It helps to understand this ethos in its historical context. The 1980s were a decade of serious defeats for the radical and the moderate left: the rise of neoconservatives like Reagan, Thatcher, and Mulroney; the decisive (and still ongoing) decline of the welfare state; defeat after defeat for labour unions; even the collapse of the Soviet Union. Whereas in the 1970s one could plausibly argue that the path to gender and racial equality, for instance, lay through a class struggle whose goal was to challenge (or possibly even overthrow) capitalism and the prerogatives of the 1%, by the 1990s the organizations and institutions of class struggle were engaged in a defensive fight for their own existence. For middle-class leftists sensitive to multiple forms of inequality, it could seem better to fight sexism, racism, and the like where they were most visible, in the culture, rather than engaging in a losing battle for fundamental systemic change.
But this balance of opportunities has shifted again. It’s easy to cite 9-11 as the moment that irony lost its predominance in the spirit of the times, and this is probably true for the popular culture as a whole, but for me and many others on the left the shift away from irony came earlier: on November 30, 1999, when tens of thousands of protestors showed up at the World Trade Organization Ministerial Conference in Seattle and effectively shut down the conference, helping to stall the formation of a new global trade regime. Because while Third Way politics gave recognition to the symbolic or cultural needs of women and other subordinated groups, it increased economic inequality, making life harder for poor and middle-class people. This growing economic inequality makes it harder for middle-class advocates of minority groups to hold on to their cultural gains in the face of conservative backlash. And so class struggle has been growing for over a decade, from Seattle in 1999 to New York in 2011 to Montréal right now. And it will continue to grow, a class struggle from below in response to the class warfare waged by the rich (the 1%, the capitalists) against everyone else.
Irony is passé. These are earnest times.
Which didn’t stop me from having fun at the Avengers. I do like my escapism. But it does make me wonder.
As far as Joss Whedon himself goes, his star will continue to rise and he will continue to write witty entertaining genre fiction (I’ve heard that Cabin in the Woods is brilliant). But I’ll be very surprised if he ever manages to provoke any kind of political discussion again. In hindsight, it seems that for all his grasp of feminist theory he was a one-trick pony when it came to feminist cultural production. He played with gender stereotypes by taking the damsel in distress and making her the action hero. But he didn’t complete the gesture by exploring men’s feminine qualities. While non-genre shows like Six Feet Under and even The Sopranos looked at male emotionality and vulnerability, Whedon’s male characters were the stoic tough guys of classic masculine fantasy, albeit in an ironically self-aware way. And for all the queer-positive representation of lesbian relationships in Buffy, his characters seem frightened of male homosexuality. His treatment of non-White characters is embarrassingly tokenistic at best … one could go on.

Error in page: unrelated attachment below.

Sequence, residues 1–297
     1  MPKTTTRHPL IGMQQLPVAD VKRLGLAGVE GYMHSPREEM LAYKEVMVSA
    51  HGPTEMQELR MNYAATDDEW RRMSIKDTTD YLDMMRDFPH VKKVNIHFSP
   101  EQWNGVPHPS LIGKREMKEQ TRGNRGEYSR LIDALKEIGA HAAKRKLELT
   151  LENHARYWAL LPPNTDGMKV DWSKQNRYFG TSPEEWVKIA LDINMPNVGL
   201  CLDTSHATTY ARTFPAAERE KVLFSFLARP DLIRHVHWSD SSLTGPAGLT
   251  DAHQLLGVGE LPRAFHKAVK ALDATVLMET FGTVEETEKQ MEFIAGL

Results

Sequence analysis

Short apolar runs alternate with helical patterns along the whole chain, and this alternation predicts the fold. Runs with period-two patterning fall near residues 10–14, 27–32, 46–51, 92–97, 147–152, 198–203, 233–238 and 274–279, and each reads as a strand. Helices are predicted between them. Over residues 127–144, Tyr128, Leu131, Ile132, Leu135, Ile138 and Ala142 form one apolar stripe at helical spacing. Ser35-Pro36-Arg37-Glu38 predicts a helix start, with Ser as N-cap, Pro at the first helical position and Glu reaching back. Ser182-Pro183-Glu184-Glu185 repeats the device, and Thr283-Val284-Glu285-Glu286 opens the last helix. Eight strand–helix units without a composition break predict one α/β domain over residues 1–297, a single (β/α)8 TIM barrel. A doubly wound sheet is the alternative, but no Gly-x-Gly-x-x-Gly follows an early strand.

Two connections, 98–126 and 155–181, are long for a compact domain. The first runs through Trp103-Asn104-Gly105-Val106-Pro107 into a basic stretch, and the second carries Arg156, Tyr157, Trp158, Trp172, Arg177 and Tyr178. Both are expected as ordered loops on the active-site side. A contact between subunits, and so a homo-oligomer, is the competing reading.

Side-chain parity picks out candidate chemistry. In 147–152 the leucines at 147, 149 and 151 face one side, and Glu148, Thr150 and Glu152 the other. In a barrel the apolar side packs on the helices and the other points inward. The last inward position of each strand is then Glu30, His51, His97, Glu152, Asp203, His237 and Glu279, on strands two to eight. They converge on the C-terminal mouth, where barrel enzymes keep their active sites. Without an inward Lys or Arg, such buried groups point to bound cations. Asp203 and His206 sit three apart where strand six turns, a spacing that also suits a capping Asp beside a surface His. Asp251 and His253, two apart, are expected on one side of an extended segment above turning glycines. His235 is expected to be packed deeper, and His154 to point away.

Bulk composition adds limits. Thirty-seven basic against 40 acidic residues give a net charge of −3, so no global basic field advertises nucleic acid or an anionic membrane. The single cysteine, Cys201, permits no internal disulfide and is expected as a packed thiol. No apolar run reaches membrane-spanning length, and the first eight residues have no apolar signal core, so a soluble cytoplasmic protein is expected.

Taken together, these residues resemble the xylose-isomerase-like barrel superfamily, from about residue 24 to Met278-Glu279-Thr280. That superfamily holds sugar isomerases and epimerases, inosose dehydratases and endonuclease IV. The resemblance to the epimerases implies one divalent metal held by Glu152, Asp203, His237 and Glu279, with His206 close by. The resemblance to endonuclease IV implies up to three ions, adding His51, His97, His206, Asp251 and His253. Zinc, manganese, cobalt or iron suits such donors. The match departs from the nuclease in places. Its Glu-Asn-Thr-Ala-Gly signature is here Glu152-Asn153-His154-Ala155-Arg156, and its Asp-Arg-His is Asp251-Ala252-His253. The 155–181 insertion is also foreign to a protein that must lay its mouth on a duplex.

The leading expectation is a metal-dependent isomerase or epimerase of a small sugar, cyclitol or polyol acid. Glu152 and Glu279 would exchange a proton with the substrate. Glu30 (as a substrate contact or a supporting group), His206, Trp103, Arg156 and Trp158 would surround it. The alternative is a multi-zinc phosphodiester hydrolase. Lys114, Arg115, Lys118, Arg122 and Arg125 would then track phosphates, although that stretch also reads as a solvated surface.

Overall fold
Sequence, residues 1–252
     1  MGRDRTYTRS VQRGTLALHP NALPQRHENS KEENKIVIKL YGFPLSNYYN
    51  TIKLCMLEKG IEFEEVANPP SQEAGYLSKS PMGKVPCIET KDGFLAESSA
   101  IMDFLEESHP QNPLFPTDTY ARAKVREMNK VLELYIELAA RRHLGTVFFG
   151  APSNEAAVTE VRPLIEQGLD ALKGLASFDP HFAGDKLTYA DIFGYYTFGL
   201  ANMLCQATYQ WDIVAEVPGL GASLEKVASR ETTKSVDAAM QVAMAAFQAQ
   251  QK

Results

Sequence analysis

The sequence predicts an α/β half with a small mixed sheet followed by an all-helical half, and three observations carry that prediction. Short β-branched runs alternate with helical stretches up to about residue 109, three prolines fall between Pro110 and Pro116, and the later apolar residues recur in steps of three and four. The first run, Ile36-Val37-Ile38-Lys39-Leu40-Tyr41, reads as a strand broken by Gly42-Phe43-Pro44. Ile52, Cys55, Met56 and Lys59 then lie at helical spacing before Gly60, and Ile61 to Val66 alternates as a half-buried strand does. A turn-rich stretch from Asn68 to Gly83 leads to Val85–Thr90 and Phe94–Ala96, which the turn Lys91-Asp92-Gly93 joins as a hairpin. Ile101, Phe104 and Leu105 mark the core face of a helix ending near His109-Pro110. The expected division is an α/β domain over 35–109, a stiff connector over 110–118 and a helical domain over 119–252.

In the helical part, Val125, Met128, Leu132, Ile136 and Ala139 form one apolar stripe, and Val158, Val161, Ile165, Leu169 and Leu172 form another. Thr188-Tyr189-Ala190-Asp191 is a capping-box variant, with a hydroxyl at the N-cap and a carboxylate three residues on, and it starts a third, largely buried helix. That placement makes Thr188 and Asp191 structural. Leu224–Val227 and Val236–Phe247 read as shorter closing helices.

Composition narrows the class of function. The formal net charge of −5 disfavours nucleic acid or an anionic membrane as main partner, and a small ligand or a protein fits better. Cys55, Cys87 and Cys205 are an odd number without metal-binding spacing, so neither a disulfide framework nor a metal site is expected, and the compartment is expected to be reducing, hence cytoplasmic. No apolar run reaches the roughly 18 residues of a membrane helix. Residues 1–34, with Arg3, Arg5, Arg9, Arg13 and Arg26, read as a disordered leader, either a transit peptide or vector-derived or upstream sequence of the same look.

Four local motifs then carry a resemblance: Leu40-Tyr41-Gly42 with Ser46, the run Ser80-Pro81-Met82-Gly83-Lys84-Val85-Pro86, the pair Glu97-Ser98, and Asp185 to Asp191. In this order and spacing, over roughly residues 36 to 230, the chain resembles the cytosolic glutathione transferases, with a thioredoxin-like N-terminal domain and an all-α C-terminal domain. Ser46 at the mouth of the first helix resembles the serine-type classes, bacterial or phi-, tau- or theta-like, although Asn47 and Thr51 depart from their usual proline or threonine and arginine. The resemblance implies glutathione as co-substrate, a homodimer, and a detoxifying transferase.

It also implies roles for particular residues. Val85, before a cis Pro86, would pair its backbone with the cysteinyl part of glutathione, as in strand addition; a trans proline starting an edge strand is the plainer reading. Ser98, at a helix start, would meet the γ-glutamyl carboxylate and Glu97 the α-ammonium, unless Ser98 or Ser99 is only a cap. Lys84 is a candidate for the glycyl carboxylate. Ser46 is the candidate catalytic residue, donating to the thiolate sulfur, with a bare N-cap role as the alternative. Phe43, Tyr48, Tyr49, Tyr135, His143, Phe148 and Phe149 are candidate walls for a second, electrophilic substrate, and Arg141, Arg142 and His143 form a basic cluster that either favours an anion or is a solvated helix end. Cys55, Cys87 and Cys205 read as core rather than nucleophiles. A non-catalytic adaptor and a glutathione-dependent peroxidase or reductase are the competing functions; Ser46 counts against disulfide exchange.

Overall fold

The more important point is, what will happen to cultural politics as class politics continues to rise?
For me, the strength of postmodernism lies in its attention to difference, its refusal to silence local and particular experiences of oppression in favour of a universalizing grand narrative. This insistence on difference forces us to attend to the incommensurate differences in how people experience social oppression, to their differing needs, burdens, opportunities, and desires. I believe that a radical movement to overthrow capitalism must attend to difference in this way if it is to succeed. It would be a shame for the baby of difference to get thrown out with the bathwater of liberal irony.